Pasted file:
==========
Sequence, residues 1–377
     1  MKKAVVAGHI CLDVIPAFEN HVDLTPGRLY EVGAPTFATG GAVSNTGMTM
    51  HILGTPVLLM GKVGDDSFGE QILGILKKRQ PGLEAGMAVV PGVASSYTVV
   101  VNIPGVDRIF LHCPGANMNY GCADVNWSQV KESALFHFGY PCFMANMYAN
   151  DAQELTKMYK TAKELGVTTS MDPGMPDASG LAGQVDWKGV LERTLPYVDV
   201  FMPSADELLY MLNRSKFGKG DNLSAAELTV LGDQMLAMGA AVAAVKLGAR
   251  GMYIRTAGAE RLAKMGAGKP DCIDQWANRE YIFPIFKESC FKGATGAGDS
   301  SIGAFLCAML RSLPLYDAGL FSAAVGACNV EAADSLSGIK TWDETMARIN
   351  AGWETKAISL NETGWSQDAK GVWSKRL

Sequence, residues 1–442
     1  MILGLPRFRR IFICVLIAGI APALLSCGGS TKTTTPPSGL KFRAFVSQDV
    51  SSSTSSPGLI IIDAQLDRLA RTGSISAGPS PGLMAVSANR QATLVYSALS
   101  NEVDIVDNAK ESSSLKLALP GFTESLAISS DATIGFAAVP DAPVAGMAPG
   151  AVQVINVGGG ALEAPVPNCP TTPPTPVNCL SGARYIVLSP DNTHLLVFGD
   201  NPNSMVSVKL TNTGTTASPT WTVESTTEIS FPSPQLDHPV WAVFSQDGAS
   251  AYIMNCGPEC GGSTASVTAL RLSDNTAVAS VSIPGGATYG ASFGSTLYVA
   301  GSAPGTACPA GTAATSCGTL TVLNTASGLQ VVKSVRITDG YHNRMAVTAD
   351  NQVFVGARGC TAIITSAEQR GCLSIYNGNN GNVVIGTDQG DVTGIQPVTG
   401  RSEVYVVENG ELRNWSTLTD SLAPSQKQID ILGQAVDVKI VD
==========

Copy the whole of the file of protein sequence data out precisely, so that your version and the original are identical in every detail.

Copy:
Sequence, residues 1–377
     1  MKKAVVAGHI CLDVIPAFEN HVDLTPGRLY EVGAPTFATG GAVSNTGMTM
    51  HILGTPVLLM GKVGDDSFGE QILGILKKRQ PGLEAGMAVV PGVASSYTVV
   101  VNIPGVDRIF LHCPGANMNY GCADVNWSQV KESALFHFGY PCFMANMYAN
   151  DAQELTKMYK TAKELGVTTS MDPGMPDASG LAGQVDWKGV LERTLPYVDV
   201  FMPSADELLY MLNRSKFGKG DNLSAAELTV LGDQMLAMGA AVAAVKLGAR
   251  GMYIRTAGAE RLAKMGAGKP DCIDQWANRE YIFPIFKESC FKGATGAGDS
   301  SIGAFLCAML RSLPLYDAGL FSAAVGACNV EAADSLSGIK TWDETMARIN
   351  AGWETKAISL NETGWSQDAK GVWSKRL

Sequence, residues 1–442
     1  MILGLPRFRR IFICVLIAGI APALLSCGGS TKTTTPPSGL KFRAFVSQDV
    51  SSSTSSPGLI IIDAQLDRLA RTGSISAGPS PGLMAVSANR QATLVYSALS
   101  NEVDIVDNAK ESSSLKLALP GFTESLAISS DATIGFAAVP DAPVAGMAPG
   151  AVQVINVGGG ALEAPVPNCP TTPPTPVNCL SGARYIVLSP DNTHLLVFGD
   201  NPNSMVSVKL TNTGTTASPT WTVESTTEIS FPSPQLDHPV WAVFSQDGAS
   251  AYIMNCGPEC GGSTASVTAL RLSDNTAVAS VSIPGGATYG ASFGSTLYVA
   301  GSAPGTACPA GTAATSCGTL TVLNTASGLQ VVKSVRITDG YHNRMAVTAD
   351  NQVFVGARGC TAIITSAEQR GCLSIYNGNN GNVVIGTDQG DVTGIQPVTG
   401  RSEVYVVENG ELRNWSTLTD SLAPSQKQID ILGQAVDVKI VD